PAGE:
Three things we learned from the Red Sox’ 4-1 win over the Rays
Three things we learned from the Boston Red Sox’ 4-1 win over the Tampa Bay Rays . . .
1) Koji is back to being the closer
Prior to Saturday’s contest, John Farrell said that Koji Uehara and Brad Ziegler would share time in the closer role with Craig Kimbrel out for the foreseeable future.
Following the win and Uehara’s save, Farrell plainly stated who has the job of closer first.
“Koji’s our closer,” Farrell said instantly. “And days he’s not going to be available we’ve got Brad [Ziegler] to turn to.”
Farrell’s shown a lot of confidence in Uehara turning things around, given he has a 4.81 ERA this season and blown two saves in six opportunities. Never mind the fact that he’s throwing slower than in years past and his splitter isn’t what it used to be. On top of that, he’s probably the least durable reliever in the bullpen.
In reality, Farrell said Uehara is the closer, but there’s a good chance he uses Ziegler there more solely based on Uehara not being available at a high frequency.
2) Sean O’Sullivan has been pitching hurt
The timing of the move does have some suspicion with the Red Sox needing a spot for Brad Ziegler.
However, the righty was in fact placed on the disabled list last April with the same left knee tendonitis issue, so it’s something that’s bothered him before.
“It’s something he’s been battling for some time and he needs some down time to recover from this,” John Farrell said after making the announcement of the move.
O’Sullivan mentioned that the knee had been an issue most notably in his Friday night start against Tampa.
“It’s kind of been a process where after I throw it’s pretty sore and just kind of work on getting it back to game-ready by day five,” O’Sullivan said. “This last one was kind of tough -- especially in that fourth and fifth inning it was getting hard to post up because it was my land leg . . . Hopefully we can move all the way past it and not have it effect any more outings.”
There are two takeaways from this:
One is that O’Sullivan could bring more to the table if he gets healthy, but it’ll be hard give the way he lands on his left leg and throws across his body.
And second, an injured O’Sullivan has been more effective than Clay Buchholz this season.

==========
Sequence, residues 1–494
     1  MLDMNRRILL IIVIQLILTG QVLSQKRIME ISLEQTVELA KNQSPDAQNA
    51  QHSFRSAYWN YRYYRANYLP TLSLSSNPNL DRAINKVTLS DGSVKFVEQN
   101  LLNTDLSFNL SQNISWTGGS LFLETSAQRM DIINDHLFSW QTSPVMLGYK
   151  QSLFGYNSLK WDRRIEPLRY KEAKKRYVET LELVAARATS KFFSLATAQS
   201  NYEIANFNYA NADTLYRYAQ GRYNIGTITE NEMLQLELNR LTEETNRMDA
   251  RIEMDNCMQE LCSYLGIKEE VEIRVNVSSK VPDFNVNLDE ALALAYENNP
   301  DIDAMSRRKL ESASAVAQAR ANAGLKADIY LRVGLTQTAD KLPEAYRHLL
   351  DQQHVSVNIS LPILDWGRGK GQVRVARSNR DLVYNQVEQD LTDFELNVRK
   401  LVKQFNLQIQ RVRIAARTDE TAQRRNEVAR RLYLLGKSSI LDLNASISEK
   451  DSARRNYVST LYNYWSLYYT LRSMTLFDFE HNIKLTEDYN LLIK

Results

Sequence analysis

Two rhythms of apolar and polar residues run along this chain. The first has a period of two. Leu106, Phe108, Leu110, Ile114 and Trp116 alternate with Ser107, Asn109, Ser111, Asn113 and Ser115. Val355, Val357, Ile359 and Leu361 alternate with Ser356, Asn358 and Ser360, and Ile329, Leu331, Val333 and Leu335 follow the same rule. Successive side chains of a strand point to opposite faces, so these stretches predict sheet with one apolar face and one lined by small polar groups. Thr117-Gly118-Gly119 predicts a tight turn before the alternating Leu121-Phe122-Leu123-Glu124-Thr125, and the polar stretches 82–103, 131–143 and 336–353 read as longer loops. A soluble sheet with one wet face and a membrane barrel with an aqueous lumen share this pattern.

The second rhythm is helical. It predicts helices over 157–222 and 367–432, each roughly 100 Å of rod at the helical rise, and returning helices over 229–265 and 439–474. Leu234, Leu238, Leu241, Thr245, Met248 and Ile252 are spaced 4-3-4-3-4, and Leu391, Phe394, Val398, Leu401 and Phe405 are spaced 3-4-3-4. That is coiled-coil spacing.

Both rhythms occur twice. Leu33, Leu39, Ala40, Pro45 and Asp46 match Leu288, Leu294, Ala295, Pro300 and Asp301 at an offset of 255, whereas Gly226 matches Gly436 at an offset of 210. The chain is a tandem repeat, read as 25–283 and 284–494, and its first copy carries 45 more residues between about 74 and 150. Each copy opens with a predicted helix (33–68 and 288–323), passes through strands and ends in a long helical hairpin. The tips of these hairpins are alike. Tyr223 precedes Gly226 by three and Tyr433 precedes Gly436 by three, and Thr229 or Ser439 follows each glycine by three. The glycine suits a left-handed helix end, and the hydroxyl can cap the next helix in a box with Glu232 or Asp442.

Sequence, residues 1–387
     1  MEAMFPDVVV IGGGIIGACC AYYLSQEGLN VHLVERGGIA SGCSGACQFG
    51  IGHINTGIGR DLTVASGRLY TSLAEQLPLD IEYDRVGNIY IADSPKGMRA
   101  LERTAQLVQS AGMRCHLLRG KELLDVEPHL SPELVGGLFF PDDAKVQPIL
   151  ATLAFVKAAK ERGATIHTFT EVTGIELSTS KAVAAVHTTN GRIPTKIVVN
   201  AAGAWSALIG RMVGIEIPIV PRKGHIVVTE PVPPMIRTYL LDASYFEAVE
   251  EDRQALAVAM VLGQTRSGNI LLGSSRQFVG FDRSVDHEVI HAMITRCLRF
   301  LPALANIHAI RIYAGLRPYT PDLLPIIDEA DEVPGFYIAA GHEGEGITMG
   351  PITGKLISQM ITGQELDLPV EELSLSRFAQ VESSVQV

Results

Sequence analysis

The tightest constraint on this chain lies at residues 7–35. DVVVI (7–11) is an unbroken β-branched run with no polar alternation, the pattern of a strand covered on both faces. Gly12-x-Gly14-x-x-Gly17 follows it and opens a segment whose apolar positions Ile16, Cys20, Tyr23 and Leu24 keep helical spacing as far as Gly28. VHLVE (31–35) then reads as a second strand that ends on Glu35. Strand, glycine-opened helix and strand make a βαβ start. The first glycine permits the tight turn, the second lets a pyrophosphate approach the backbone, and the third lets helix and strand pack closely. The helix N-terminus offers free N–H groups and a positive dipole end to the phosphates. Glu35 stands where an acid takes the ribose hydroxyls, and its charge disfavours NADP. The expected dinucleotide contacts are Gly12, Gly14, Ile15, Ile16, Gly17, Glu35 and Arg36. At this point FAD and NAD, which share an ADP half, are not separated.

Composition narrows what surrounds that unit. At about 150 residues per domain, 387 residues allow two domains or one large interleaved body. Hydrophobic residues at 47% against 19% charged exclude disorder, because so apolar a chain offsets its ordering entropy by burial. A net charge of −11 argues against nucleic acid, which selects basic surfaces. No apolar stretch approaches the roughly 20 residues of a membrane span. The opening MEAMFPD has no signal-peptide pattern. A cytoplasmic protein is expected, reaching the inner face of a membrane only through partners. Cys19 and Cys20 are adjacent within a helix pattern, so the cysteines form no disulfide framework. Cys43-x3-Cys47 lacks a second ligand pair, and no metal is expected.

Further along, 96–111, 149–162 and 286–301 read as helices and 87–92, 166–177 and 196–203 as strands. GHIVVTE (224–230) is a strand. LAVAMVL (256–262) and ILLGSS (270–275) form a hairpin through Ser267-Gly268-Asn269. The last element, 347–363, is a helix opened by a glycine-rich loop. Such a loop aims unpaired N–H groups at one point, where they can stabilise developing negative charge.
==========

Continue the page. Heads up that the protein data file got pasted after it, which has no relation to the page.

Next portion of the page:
3) Porcello has finally gotten comfortable at Fenway
This isn’t something that’s gone unnoticed all year with Porcello winning eight of nine starts at Fenway this year -- getting the no-decision in the other game.
“More than anything we look back to the year and a half that he’s been here,” John Farrell said. “Probably the first half of last season having [to] get comfortable in his surroundings. The first time [he’d been away from the Tigers after six full years in the big leagues there. Second half of the year he finished strong and has carried that momentum into the start of this year. There’s no question he feels comfortable on the mound here.”
Porcello explained after the win that spending more time with the club and at Fenway has made it easier for him to throw with the Green Monster out in left. But he also admitted that throwing at Fenway has its pros and cons -- like any other ballpark.
“Having a year of pitching here now, being familiar with everything [I’ve been] a lot more comfortable,” Porcello said. “It gives and takes. There’s a lot of hard hit balls that go of the wall that are potential homeruns in other ballparks . . . There’s a lot of opportunities that work in your advantage as a pitcher. Obviously the disadvantages that it’s a little bit shorter and some fly balls will hit of [the Green Monster] or go over the wall that maybe won’t go out somewhere else.”
Following the seven-inning effort Farrell noted that Porcello’s success at Fenway are due to two components of his game
“His sinker works well here,” Farrell said. “And more than anything, his walk rate is at a career low. He’s doing an outstanding job of limited the overall baserunners.”
Nick Friar can be followed on Twitter: @ngfriar